Passive Annual Heat Storage: Improving the Design of Earth Sheltered Homes

Using passive annual heat storage, earth sheltered homes can draw heat from the earth all year long.


| January/February 1985



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This geodesic dome is a new type of earth sheltered home.

PHOTO: JOHN HAIT

Are you pooped out from paying the power people to pump heat into your home all winter, only to pay them again to pump it back out all summer? If so, maybe it's time to open a special sort of back-to-the-land savings account — one that will let you make energy deposits all summer and withdrawals in the winter. And just where do you put six months of intense seasonal sunshine for safekeeping? To find the answer, you only have to look down, because you're standing on the bank!

As you know, the earth exchanges heat constantly, soaking it up from the sun all summer and giving it up to the atmosphere in the winter. In most areas, this annual flux doesn't level off until a depth of about 20 feet is reached — where the year-round temperature hovers near the average annual air temperature. A 20-foot depth of earth, then, can be a mighty big savings account, and it's dirt cheap. However, to open such an account, you've got to figure out how to make deposits and withdrawals, and you ought to find a way to keep the vault secure from robbers.

Passive Annual Heat Storage (PAHS)

What I'm talking about, of course, is passive solar earth sheltering, but not just any old rendition of those now-familiar concepts of energy-efficient construction. Passive annual heat storage is a new approach to using the earth to store solar heat — one that treats dirt surrounding a dwelling as a part of the structure's thermal mass by insulating it from the elements, but not from the walls.

The technique calls for a specially designed cap, known as an insulation/watershed umbrella, that's placed a few feet above an underground building's roof (not against it), extending outward to isolate the earth around the structure from the temperature fluctuations of surface layers.

Windows on the south side of the dwelling let sunshine in to heat all the mass within the insulating umbrella. Slowly — ever so slowly over the whole year — a balance is achieved between the warmth of the summer sun and winter heat loss. Thus, an artificial average annual air temperature is established at the junction of the house's walls and the earth. Prevailing temperatures inside the building will be transmitted through the walls and into the earth, extending to a radius of at least 20 feet from the structure. By controlling the amount of sunshine let into the house and the amount of heat rejected (by shading and ventilation), it's possible to adjust the temperature of the surrounding soil with some precision.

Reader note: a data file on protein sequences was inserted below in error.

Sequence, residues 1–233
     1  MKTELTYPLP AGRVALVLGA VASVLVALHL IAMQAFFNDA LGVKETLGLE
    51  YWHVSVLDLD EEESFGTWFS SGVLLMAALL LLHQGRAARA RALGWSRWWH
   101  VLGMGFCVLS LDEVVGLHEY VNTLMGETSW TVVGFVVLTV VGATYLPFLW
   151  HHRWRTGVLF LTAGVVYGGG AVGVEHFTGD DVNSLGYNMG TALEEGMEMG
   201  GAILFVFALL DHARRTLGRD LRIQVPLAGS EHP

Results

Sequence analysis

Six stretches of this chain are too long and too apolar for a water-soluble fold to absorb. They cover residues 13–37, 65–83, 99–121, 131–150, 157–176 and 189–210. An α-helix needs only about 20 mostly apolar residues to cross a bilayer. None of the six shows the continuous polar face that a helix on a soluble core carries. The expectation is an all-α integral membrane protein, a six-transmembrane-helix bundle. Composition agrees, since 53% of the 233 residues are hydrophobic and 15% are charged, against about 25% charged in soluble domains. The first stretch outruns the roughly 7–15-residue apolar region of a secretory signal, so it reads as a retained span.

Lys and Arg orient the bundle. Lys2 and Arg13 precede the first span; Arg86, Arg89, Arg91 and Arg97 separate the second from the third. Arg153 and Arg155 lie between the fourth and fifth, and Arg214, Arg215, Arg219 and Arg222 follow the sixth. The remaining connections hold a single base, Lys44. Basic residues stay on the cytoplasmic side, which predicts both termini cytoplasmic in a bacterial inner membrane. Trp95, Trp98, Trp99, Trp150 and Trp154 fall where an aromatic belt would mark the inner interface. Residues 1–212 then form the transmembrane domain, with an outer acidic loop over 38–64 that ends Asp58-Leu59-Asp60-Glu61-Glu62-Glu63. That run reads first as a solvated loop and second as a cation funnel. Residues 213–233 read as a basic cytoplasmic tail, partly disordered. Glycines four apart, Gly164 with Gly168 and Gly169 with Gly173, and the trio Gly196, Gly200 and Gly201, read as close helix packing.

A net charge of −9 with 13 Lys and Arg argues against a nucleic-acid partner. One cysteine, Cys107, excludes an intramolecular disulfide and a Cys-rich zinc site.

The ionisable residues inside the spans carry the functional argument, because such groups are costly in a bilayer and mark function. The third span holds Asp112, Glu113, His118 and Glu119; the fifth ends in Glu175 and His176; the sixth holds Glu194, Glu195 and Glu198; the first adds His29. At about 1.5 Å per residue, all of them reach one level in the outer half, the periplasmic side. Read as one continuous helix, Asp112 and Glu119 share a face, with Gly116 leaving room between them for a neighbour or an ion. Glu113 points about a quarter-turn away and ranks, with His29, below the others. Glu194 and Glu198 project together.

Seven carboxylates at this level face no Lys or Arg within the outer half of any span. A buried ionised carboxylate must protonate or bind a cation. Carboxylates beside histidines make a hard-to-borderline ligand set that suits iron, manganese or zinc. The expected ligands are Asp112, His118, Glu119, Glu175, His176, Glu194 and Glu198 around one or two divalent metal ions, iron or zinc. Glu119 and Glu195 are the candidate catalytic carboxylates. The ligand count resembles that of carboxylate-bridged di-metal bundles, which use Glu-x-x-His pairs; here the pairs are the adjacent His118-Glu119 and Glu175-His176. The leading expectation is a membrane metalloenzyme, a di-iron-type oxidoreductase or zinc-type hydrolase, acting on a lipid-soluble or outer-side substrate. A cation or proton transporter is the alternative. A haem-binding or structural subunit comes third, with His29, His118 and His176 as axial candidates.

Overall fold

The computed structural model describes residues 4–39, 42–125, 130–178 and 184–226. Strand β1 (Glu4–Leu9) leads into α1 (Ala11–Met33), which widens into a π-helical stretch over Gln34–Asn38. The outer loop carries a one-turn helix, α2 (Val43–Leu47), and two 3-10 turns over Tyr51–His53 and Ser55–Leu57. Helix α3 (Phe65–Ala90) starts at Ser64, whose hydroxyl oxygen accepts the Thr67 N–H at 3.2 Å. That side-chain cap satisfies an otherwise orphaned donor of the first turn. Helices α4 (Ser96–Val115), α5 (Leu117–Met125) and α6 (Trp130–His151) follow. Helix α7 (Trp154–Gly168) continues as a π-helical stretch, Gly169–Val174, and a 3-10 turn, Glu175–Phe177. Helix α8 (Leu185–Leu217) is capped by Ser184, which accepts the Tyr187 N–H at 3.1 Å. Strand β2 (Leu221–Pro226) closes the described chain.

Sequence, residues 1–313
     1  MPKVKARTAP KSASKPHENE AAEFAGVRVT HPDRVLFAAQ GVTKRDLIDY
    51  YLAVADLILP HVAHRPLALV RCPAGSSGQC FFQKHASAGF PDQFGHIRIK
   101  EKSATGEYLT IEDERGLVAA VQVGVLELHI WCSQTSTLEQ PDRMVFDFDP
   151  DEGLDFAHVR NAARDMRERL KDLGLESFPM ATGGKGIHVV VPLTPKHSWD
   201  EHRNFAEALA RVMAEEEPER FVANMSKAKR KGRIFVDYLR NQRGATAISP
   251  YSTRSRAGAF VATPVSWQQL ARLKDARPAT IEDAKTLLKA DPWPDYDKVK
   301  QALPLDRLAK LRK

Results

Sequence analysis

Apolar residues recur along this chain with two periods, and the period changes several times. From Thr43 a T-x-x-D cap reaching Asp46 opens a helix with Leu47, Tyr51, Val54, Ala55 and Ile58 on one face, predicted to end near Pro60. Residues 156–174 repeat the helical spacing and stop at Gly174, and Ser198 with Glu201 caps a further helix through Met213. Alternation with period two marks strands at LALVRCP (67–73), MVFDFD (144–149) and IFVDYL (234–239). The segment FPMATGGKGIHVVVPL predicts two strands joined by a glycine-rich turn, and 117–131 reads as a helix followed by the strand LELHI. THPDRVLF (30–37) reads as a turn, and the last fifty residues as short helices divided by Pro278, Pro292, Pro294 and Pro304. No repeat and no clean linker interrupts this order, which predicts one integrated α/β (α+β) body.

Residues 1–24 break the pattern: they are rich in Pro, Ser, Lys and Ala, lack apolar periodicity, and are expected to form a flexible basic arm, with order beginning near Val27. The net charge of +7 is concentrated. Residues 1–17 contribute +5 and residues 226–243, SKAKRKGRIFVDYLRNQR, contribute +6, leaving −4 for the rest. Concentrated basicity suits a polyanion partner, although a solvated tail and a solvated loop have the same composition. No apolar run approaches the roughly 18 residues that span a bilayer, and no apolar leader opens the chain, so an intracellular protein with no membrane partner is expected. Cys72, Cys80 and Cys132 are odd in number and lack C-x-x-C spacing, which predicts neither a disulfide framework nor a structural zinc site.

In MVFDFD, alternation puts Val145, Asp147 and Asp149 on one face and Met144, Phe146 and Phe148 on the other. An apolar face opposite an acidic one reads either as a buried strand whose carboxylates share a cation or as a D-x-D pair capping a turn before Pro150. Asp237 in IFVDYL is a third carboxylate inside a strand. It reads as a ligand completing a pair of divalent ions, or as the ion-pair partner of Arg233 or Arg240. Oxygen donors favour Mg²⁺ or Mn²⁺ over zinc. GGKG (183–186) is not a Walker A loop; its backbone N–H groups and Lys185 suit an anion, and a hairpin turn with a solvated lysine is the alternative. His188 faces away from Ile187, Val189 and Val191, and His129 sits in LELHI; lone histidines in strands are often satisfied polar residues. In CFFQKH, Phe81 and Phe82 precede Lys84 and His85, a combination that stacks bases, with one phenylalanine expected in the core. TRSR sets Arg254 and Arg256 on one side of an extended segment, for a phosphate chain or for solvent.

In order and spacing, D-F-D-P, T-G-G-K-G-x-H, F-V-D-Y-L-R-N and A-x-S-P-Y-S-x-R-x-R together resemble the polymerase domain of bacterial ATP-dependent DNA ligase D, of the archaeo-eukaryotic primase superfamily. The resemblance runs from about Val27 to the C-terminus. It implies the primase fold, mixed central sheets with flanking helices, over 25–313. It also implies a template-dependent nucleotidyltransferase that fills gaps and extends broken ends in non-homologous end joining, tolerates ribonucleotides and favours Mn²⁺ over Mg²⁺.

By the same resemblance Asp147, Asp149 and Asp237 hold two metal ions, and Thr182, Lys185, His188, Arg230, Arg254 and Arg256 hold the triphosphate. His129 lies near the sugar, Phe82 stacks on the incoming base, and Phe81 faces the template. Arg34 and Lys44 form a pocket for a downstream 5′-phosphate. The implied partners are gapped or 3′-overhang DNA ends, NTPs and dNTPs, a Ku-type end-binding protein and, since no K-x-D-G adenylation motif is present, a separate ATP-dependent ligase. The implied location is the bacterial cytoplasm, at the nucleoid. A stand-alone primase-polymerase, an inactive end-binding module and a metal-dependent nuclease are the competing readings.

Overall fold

Because of the tremendous mass of the building and surrounding soil — a volume of about 45,000 cubic feet (1,800 tons) for the 20 feet beside and below a 30-foot-diameter home — the interior temperature will vary only a few degrees throughout the year. And unless a major change is made in the annual heat-flow balance, it will typically float between about 76 degrees Fahrenheit in the summer and about 70 degrees in the winter without any additional form of heating or cooling required!

joem789
8/25/2013 10:44:19 PM

One thing that isn't discussed with PAHS is regarding diseases. Some diseases that thrive in damp and dark soil are usually eradicated by "good" germs that come from the top layer which is kept dry most of the time. By covering such a large area directly around the home, you are at risk of bringing diseases into the home. The ground is always dark and damp, even at the top, using PAHS. This is not a natural state for soil. And a very bad idea altogether. Bet you never hear anyone discuss this.






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